branding

Brand Transparency: Consumer Trust

In the dog-eat-dog world that is business in the 21st century, having a unique selling point is crucial. Of course, all companies want to be able to lay claim to a continual flow of new customers. However, in many instances, retaining the ones they currently have is more than half the battle.

We are no longer living in an era where a customer will frequent the same dozen shops throughout the course of their life. Yes, perhaps 50 years ago consumers will have bought locally for everything they needed, from fruit and veg, to a new pair of sandals. But times have changed — the internet dominates the market. There is no denying that we are living in the age of the consumer. With thousands of options at their fingertips, browsing through a range of prices and quality is simple. Whilst perusing through the lines of stock online, customers are also able to take on board the various comments and reviews which have been posted about a company.

American columnist and thought leader, John Gerzema’ famously coined the phrase: “Transparency, honesty, kindness, good stewardship, even humour, work in businesses at all times”. Taking into consideration the first two points presented by Gerzema, ‘transparency’, and ‘honesty’ in this article, we look to understand why consumers appreciate truthfulness in regard to major companies. In a study conducted by Lansons Communications and Opinium Research, which examined the UK’s most trusted companies, it became apparent that half of the population don’t trust any companies at all.

Here, with corporate uniform suppliers, JSD, we examine how important brand transparency really is.

How important is it to customers?

A 2016 study found that 73% of people would be willing to spend more on a product developed by a company who offered complete transparency. Furthermore, 78% argued that they seen brand transparency to be incredibly important.

Back in 1992, the Co-operative Food became the first UK supermarket to stock a Fairtrade product when it began to sell Cafedirect coffee. Now, almost 30 years later, the non-for profit organisation is assisting in the sale of more than 4,000 products in supermarkets across the country. It is helping to ensure that the workers involved in the production, packing, and distribution are receiving fair, and equal treatment for their services. Prior to the development of Fairtrade, much of the world did not have their eyes open to where their products where coming from, and what was involved in them getting there.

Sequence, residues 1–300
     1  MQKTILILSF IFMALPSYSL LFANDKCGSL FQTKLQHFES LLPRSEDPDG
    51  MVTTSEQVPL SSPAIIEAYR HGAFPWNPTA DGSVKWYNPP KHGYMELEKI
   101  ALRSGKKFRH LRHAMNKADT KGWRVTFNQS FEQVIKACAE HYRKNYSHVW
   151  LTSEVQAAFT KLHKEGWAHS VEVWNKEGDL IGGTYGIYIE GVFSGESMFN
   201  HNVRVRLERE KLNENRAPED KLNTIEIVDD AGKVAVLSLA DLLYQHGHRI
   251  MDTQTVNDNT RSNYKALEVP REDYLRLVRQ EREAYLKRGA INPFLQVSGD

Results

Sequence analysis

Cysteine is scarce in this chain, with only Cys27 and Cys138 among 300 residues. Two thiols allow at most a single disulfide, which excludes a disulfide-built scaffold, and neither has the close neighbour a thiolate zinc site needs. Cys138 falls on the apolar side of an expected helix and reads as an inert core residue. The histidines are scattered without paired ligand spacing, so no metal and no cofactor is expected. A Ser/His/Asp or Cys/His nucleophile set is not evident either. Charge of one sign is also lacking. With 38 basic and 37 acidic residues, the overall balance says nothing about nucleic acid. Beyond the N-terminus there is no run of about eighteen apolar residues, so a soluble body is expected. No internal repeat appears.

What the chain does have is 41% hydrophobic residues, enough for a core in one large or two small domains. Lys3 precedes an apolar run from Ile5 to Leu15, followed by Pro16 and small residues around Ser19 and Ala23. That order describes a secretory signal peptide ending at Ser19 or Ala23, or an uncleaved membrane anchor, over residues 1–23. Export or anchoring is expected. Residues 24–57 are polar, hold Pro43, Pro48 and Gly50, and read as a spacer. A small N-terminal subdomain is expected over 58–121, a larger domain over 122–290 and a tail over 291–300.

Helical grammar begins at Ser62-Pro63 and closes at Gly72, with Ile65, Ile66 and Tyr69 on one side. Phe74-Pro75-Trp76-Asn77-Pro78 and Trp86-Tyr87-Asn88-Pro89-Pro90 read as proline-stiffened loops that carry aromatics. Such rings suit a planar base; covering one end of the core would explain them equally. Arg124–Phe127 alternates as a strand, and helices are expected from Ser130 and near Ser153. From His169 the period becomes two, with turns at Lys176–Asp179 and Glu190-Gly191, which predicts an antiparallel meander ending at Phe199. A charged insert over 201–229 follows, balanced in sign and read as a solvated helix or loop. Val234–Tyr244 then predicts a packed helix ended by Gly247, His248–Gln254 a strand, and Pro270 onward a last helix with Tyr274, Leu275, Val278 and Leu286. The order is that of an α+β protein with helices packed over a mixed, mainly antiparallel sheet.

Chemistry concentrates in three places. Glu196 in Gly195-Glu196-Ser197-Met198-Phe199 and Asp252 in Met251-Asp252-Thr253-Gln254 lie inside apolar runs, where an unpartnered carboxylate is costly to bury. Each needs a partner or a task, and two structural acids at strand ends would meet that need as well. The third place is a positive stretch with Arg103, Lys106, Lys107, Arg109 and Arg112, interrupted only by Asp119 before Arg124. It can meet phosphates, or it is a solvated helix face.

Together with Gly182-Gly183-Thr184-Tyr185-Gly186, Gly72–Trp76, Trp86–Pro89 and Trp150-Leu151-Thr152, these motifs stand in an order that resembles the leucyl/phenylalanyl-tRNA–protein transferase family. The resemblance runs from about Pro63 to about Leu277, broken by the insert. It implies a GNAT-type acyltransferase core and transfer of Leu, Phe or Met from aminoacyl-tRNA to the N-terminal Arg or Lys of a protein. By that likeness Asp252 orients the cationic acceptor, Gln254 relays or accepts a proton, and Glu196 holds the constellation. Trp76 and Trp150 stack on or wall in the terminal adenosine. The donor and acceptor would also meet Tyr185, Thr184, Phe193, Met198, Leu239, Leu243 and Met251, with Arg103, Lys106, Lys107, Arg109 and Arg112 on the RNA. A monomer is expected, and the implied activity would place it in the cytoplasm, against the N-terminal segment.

The Co-operative effectively held their hands up, admitting that many of the products they were stocking had unethical connections. As much as this may seem like a completely hazardous marketing strategy, outing all your wrongdoings in public, it aligns with the age-old theory of ‘it’s always better to tell the truth’.

As Fabrik suggests, ‘it’s no longer enough to whack on a shiny label in a bid to distract the customer’. They aren’t daft. Most recently drinks companies such as Innocent and Naked have performed well thanks to their straight-up, no frills, marketing campaigns. Their products clearly display what they entail, as opposed to making the customer negotiate paragraphs of size two font text in an attempt to understand the nutritional benefit of what’s in the bottle.

When mistakes happen, deal with it

When Elton John projected the lyrics “sorry seems to be the hardest word”, he wasn’t far from the truth. At the end of the day, it is natural for us to choke a bit when we have to apologise — it is the hardest pill to swallow! That said, nipping it in the bud early is the best course of action.

If you can preempt an event that is going to detriment a customer, explain it to them openly. Offer your most sincere apologies and detail the route you’re going to take to ensure that the issue is resolved and will not occur again. Everyone makes mistakes. However it is the way we handle them that will create a lasting impact on our reputation. Covering it up, or at least attempting to, will create an image of dishonesty, or perhaps make the customer feel as if you are completely unaware that the issue exists — making your company look incompetent.

People talk

Without a doubt, word of mouth exists as one of the main reasons for establishing a firm basis of trust between brand and customer. It may come as a shock to some businesses, but people communicate with one another. This is a double-edged sword as well, with positive and negative word of mouth having the ability to spread like wildfire. Treat a customer poorly and you can bet your bottom dollar that the internet, alongside every person they have crossed paths with since 1993, will know about it. However, admit your wrongdoing, offer them something to smile about, and you’ll soon discover that they will be raving about you in a rather flattering Facebook post.

 

Follow the example of transparency approaches from the likes of McDonald’s. The fast food giant came under scrutiny regarding the contents of their meals and whether they were healthy or not. Their share price took a hit and they had their backs against the wall. However, choosing to bare all and implement a policy of transparency proved reviving. Since then, the company has gone from strength to strength. In business, put your customers first, and your pride second — it will pay off in the end.

 

Sources:

https://www.opinium.co.uk/most-trusted-companies-in-uk/
https://fabrikbrands.com/brand-transparency-and-consumer-trust/
https://www.bizjournals.com/bizjournals/how-to/growth-strategies/2018/01/how-telling-the-truth-keeps-customers.html

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